More C++ Idioms/Resource Acquisition Is Initialization

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Resource Acquisition Is Initialization[edit]

Intent[edit]

  • To guarantee release of resource(s) at the end of a scope
  • To provide basic exception safety guarantee

Also Known As[edit]

  • Execute-Around Object
  • Resource Release Is Finalization
  • Scope-Bound Resource Management

Motivation[edit]

Resources acquired in a function scope should be released before leaving the scope unless the ownership is being transferred to another scope or object. Quite often it means a pair of function calls - one to acquire a resource and another one to release it. For example, new/delete, malloc/free, acquire/release, file-open/file-close, nested_count++/nested_count--, etc. It is quite easy to forget to write the "release" part of the resource management "contract". Sometimes the resource release function is never invoked: this can happen when the control flow leaves the scope because of return or an exception. It is too dangerous to trust the programmer that he or she will invoke resource release operation in all possible cases in the present and in the future. Some examples are given below.

void foo ()
{
  char * ch = new char [100];
  if (...)
     if (...)
        return;
     else if (...)
            if (...)
  else
     throw "ERROR";
 
  delete [] ch; // This may not be invoked... memory leak!
}
void bar ()
{
  lock.acquire();
  if (...)
     if (...)
        return;
  else
     throw "ERROR";
 
  lock.release(); // This may not be invoked... deadlock!
}

This is a general control flow abstraction problem. Resource Acquisition is Initialization (RAII) is an extremely popular idiom in C++ that relieves the burden of calling "resource release" operation in a clever way.

Solution and Sample Code[edit]

The idea is to wrap the resource release operation in a destructor of an object in the scope. The language guarantees that the destructor will always be invoked (of a successfully constructed object) when control flow leaves the scope because of a return statement or an exception.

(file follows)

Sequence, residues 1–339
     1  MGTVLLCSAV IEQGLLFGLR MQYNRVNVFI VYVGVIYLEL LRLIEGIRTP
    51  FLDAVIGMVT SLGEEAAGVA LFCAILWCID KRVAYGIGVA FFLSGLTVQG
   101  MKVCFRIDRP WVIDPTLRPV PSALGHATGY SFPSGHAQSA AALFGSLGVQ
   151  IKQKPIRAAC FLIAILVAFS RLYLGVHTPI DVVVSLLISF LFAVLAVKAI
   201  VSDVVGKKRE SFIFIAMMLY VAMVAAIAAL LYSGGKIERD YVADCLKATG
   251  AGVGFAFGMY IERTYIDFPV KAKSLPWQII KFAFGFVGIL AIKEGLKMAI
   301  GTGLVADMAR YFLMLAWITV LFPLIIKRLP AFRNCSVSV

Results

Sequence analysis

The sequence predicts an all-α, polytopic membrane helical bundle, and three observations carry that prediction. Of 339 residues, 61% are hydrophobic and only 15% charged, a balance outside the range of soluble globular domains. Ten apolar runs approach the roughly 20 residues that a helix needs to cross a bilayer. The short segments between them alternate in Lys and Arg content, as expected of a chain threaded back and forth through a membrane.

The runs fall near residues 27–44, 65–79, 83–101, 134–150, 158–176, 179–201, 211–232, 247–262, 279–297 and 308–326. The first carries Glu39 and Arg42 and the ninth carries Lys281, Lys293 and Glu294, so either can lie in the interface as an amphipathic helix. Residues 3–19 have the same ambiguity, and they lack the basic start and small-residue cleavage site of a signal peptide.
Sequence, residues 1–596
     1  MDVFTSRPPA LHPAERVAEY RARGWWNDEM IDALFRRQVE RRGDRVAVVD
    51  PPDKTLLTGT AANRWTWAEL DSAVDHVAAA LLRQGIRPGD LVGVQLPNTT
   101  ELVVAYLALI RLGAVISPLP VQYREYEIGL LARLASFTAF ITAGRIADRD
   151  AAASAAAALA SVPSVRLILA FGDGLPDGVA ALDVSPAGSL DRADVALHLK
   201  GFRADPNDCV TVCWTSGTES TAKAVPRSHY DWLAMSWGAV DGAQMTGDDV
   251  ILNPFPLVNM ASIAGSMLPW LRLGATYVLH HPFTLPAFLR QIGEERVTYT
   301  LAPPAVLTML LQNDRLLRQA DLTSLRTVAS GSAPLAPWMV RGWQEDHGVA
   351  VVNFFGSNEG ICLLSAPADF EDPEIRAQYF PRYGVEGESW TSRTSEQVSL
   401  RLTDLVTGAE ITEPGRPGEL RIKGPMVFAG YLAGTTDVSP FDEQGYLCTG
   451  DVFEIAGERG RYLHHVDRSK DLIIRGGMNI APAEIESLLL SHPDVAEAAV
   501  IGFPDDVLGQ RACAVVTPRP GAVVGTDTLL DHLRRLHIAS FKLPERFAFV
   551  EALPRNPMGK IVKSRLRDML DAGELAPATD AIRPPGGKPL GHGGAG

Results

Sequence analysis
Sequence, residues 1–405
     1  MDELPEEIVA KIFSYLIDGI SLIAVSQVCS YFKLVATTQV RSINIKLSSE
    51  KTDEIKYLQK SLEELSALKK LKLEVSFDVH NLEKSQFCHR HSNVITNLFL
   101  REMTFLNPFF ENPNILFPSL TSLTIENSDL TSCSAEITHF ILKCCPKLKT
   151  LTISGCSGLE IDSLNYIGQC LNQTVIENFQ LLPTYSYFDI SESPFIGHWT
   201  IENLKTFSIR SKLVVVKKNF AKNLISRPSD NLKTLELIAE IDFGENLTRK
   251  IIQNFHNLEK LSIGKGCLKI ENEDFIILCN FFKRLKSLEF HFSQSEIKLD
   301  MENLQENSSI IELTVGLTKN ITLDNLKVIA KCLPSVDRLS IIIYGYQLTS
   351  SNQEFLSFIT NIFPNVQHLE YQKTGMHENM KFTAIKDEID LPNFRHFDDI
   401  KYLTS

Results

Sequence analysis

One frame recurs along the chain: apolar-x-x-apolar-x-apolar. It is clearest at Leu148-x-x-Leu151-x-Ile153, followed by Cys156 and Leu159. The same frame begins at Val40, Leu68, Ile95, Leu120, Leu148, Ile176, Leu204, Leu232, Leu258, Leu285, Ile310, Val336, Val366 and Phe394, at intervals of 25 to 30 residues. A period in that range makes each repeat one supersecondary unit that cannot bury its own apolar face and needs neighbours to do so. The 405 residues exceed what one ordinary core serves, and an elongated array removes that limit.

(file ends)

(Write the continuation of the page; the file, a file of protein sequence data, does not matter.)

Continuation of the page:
//  Private copy constructor and copy assignment ensure classes derived 
//  from class NonCopyable cannot be copied.
class NonCopyable 
{
   NonCopyable (NonCopyable const &); // private copy constructor
   NonCopyable & operator = (NonCopyable const &); // private assignment operator
};
template <class T>
class AutoDelete : NonCopyable
{
  public:
    AutoDelete (T * p = 0) : ptr_(p) {}
    ~AutoDelete () throw() { delete ptr_; } 
  private:
    T *ptr_;
};
 
class ScopedLock : NonCopyable// Scoped Lock idiom
{
  public:
    ScopedLock (Lock & l) : lock_(l) { lock_.acquire(); }
    ~ScopedLock () throw () { lock_.release(); } 
  private:
    Lock& lock_;
};
 
void foo ()
{
  X * p = new X;
  AutoDelete<X> safe_del(p); // Memory will not leak
  p = 0;
  // Although, above assignment "p = 0" is not necessary
  // as we would not have a dangling pointer in this example. 
  // It is a good programming practice.
 
  if (...)
    if (...)
      return; 
 
  // No need to call delete here.
  // Destructor of safe_del will delete memory
}
void X::bar()
{
  ScopedLock safe_lock(l); // Lock will be released certainly
  if (...)
    if (...)
      throw "ERROR"; 
  // No need to call release here.
  // Destructor of safe_lock will release the lock
}

Acquiring resource(s) in constructor is not mandatory in RAII idiom but releasing resources in the destructor is the key. Therefore, it is also known (rarely though) as Resource Release is Finalization idiom. It is important in this idiom that the destructor should not throw exceptions. Therefore, the destructors have no-throw specification but it is optional. std::auto_ptr and boost::scoped_ptr are ways of quickly using RAII idiom for memory resources. RAII is also used to ensure exception safety. RAII makes it possible to avoid resource leaks without extensive use of try/catch blocks and is widely used in the software industry.

Many classes that manage resources using RAII, do not have legitimate copy semantics (e.g., network connections, database cursors, mutex). The NonCopyable class shown before prevents copying of objects that implement RAII. It simply prevents access to the copy-constructor and the copy-assignment operator by making them private. boost::scoped_ptr is an example of one such class that prevents copying while holding memory resources. The NonCopyable class states this intention explicitly and prevents compilation if used incorrectly. Such classes should not be used in STL containers. However, every resource management class that implements RAII does not have to be non-copyable like the above two examples. If copy semantics are desired, boost::shared_ptr can be used to manage memory resources. In general, non-intrusive reference counting is used to provide copy semantics as well as RAII.

Consequences[edit]

RAII is not without its limitations. The resources which are not memory and must be released deterministically and may throw exceptions usually aren't handled very well by C++ destructors. That's because a C++ destructor can't propagate errors to the enclosing scope (which is potentially winding up). It has no return value and it should not propagate exceptions outside itself. If exceptions are possible, then the destructor must handle the exceptional case within itself somehow. Nevertheless, RAII remains the most widely used resource management idiom in C++.

Known Uses[edit]

  • Virtually all non-trivial C++ software
  • std::unique_ptr (and std::auto_ptr)
  • std::shared_ptr
  • boost::mutex::scoped_lock

Related Idioms[edit]

References[edit]